Economic Integration of Immigrants from the Former Soviet Union in Four Countries: A Comparative Analysis

Karin Amit, Ruppin Academic Center
Olena Bagno, Tel Aviv University
William Bridges, University of Illinois at Chicago
Don Devoretz, Simon Fraser University
Yitchak Haberfeld, Tel Aviv University
Irena Kogan, University of Bamberg
John R. Logan, Brown University
Rebeca Raijman, University of Haifa
Moshe Seyonov, Tel Aviv University

The major objective of the present study is to compare the economic integration of immigrants from one source country (the Former Soviet Union) in four destination countries: United States, Canada, Germany, and Israel. Economic integration is examined on the following dimensions: participation in the economically active labor force, unemployment, under-employment, occupational attainment, self-employment and entrepreneurship, and earnings. Our target population is post-1989 immigrants from FSU with an academic degree acquired in their country of origin (compared to non-academics), and that were at the age 25 - 40 upon arrival. The data used in each of the four countries are official censuses. Despite basic similarities in incorporation of immigrants, the analysis reveals meaningful differences across societies that can be attributed both to selectivity processes and the economic system and social policies regarding the absorption of immigrants in each of the countries.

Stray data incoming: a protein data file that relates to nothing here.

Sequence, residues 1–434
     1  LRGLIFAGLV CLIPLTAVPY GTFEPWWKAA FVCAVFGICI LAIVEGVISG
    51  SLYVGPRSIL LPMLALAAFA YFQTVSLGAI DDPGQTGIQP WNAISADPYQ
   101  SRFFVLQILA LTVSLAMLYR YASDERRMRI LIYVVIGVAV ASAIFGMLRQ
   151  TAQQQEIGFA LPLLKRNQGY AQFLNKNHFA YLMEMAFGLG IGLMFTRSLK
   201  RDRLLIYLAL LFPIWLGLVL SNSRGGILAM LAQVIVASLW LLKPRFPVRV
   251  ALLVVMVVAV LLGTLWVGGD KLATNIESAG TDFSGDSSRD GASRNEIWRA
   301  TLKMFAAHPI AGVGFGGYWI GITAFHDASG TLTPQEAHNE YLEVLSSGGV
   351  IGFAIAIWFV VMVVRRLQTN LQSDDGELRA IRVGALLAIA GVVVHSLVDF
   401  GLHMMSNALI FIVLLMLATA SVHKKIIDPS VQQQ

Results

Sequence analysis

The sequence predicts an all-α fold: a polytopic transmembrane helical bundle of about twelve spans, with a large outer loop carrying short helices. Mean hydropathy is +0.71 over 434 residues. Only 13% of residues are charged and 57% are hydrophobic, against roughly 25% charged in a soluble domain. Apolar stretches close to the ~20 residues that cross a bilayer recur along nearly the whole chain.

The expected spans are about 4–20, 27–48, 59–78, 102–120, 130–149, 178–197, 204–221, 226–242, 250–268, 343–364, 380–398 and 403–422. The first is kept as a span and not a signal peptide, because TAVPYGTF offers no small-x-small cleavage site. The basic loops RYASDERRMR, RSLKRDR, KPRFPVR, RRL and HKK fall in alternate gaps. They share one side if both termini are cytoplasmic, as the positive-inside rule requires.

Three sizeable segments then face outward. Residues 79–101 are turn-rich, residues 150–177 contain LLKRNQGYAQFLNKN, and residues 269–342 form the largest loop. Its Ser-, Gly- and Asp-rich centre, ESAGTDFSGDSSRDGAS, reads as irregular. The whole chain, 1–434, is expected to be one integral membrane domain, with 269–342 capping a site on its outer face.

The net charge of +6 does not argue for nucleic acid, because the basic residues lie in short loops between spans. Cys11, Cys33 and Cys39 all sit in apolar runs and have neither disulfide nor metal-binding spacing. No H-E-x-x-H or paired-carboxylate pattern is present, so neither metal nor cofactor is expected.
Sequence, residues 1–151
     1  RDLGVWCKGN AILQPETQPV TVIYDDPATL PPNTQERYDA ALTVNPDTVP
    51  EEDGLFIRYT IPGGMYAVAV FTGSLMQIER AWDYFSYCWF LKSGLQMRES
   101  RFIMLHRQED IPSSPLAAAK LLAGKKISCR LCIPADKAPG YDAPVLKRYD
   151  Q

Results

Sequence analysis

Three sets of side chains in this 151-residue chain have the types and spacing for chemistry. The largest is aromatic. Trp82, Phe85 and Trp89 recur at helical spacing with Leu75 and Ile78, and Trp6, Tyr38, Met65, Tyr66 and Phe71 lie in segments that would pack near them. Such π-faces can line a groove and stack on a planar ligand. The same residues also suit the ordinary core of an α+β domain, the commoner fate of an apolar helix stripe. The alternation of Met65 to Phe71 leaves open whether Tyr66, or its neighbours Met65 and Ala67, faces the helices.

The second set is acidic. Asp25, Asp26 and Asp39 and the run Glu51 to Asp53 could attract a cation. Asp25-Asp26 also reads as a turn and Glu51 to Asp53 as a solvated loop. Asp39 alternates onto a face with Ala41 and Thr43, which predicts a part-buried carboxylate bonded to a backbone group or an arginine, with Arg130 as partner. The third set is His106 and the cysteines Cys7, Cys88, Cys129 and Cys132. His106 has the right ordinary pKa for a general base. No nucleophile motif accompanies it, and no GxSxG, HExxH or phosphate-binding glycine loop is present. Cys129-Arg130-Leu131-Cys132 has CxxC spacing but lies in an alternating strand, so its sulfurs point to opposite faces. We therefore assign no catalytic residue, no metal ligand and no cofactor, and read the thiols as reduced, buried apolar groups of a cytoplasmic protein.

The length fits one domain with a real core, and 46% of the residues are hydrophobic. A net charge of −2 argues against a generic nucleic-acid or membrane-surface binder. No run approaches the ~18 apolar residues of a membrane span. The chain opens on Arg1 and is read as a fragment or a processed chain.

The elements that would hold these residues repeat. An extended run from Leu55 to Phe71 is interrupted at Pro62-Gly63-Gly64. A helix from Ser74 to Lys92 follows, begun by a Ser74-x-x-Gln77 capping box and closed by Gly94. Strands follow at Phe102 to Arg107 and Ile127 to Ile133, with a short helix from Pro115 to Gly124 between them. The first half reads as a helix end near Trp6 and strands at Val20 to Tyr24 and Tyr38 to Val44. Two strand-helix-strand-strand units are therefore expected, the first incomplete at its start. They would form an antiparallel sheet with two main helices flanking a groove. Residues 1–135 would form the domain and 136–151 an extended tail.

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Presented in Session 185: Comparative Perspectives on Immigration